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Ghanaian-American filmmaker brings immigrant experience to forefront

Tamerra Griffin | 8/8/2013, 5:20 p.m.
Just as African-Americans jokingly throw around the acronym CPT, or “colored people’s time,” to explain their tendency to arrive later ...

Just as African-Americans jokingly throw around the acronym CPT, or “colored people’s time,” to explain their tendency to arrive later than scheduled, continental Africans have “African time,” which carries with it a similar meaning. The colloquial phrase was one West African filmmaker’s inspiration for what has become a YouTube-channel-turned-television fixture.

Mawuena Akyea is the creative brain behind “African Time,” a series of testimonies from African immigrants living in the United States. Akyea, a 25-year-old Ghanaian filmmaker and writer, left his home country at age 4 and relocated with his family to Madison, Wis., where he lived for 19 years. After graduating with a bachelor’s degree in English from the University of Wisconsin—Madison and spending a year in Milwaukee, Wis., with Teach for America, Akyea decided to redirect his career endeavors back to his passion for film. He said the idea for “African Time” was born two years ago from works he had seen about the experiences of other ethnic groups in the United States.

“I’ve seen a lot of documentaries that feature prominent immigrant populations in the U.S.: Indian-, Chinese-, Iranian-Americans and Latinos,” said Akyea, who has called the Bronx home for the past year. “I thought, ‘Let’s just change that to the African experience.’”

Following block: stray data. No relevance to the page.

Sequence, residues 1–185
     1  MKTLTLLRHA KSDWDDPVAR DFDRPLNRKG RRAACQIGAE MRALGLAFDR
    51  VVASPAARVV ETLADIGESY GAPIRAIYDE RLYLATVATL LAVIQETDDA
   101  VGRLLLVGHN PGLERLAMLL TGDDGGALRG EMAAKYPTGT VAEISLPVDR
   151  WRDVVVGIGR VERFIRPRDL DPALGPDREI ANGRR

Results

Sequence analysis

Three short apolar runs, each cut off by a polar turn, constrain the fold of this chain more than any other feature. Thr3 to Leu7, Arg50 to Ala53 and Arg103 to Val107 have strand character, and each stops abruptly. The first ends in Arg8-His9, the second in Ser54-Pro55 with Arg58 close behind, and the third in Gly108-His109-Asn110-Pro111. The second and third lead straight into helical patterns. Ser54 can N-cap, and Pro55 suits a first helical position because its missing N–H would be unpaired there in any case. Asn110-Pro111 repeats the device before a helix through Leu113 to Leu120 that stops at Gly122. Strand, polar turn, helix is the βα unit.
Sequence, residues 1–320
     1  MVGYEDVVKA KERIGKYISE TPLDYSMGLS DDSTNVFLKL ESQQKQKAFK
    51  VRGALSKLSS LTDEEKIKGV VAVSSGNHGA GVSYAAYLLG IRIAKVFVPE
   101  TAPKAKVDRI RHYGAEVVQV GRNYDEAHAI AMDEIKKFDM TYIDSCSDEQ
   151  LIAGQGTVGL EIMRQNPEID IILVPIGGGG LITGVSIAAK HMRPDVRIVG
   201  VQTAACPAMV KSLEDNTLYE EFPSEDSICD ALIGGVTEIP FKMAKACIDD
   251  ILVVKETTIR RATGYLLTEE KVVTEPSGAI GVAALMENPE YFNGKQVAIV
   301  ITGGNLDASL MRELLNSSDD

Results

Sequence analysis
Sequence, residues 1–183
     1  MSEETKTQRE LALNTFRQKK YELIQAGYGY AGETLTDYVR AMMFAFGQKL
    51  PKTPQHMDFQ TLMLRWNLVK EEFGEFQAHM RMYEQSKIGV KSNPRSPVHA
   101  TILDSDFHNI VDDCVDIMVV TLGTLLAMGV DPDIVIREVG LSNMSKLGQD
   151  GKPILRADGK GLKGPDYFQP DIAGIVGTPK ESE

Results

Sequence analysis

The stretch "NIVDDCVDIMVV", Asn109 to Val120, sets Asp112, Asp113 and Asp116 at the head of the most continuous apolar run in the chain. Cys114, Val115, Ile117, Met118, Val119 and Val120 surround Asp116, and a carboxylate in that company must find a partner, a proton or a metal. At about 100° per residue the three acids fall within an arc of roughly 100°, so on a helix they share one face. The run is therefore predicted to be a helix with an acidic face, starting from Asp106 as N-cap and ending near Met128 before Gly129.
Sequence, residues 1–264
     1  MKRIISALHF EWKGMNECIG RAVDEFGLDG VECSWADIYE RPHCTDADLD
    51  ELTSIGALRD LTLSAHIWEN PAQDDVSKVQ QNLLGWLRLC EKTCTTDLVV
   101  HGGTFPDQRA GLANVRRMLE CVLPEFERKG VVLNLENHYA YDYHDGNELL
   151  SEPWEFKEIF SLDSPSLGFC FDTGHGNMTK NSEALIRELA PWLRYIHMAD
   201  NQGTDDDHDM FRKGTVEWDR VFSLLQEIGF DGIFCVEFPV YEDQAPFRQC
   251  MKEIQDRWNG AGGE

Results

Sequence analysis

Akyea sought the help of his college friends Algernon Felice Jr. and Ayman Gasmelseed, and together, they began asking members of Madison’s African community to tell their stories of their trials and tribulations in the U.S. on camera.

When asked about what drew him into the project, Felice, who is Trinidadian, talked about the need to give voice to a thriving community.

“I think Africans are underrepresented, and that was my incentive in helping a friend produce and create it,” he said.

The stories, which run the emotional gamut from humorous to somber, are told by college-age Africans and their middle-aged parents. The personal accounts are combined with informative episodes given by college professors. According to Akyea, this diverse range of voices was deliberate.

“What I set out to do was interview both the older generations coming here straight from Africa, and how they see it, versus us, who grew up in America,” he said. “I knew the older generation would add color and that much-needed other perspective.”

Akyea’s prediction proved to be spot-on; the most viewed episode of “African Time” on YouTube features his mother, Dzigbodi Akyea. Among other things, she tells the story of the first time she witnessed an American cradling a large bucket of popcorn at a movie theater in Madison. Dzigbodi is charismatic before the camera, and the recollection is so earnest that it affords non-Africans the opportunity to assume her role as a foreigner observing American habits.

Other subjects interviewed represent all regions of the continent, from Egypt to South Africa, Sierra Leone to Ethiopia. Gamselseed, whose family comes from Sudan, reflects on how his family had to negotiate African and American gender norms when he decided to get his ear pierced on his 18th birthday, while Cameroonian sisters Linda and Delphine Vakunta laugh over the benefits of being multilingual in a country where English dominates.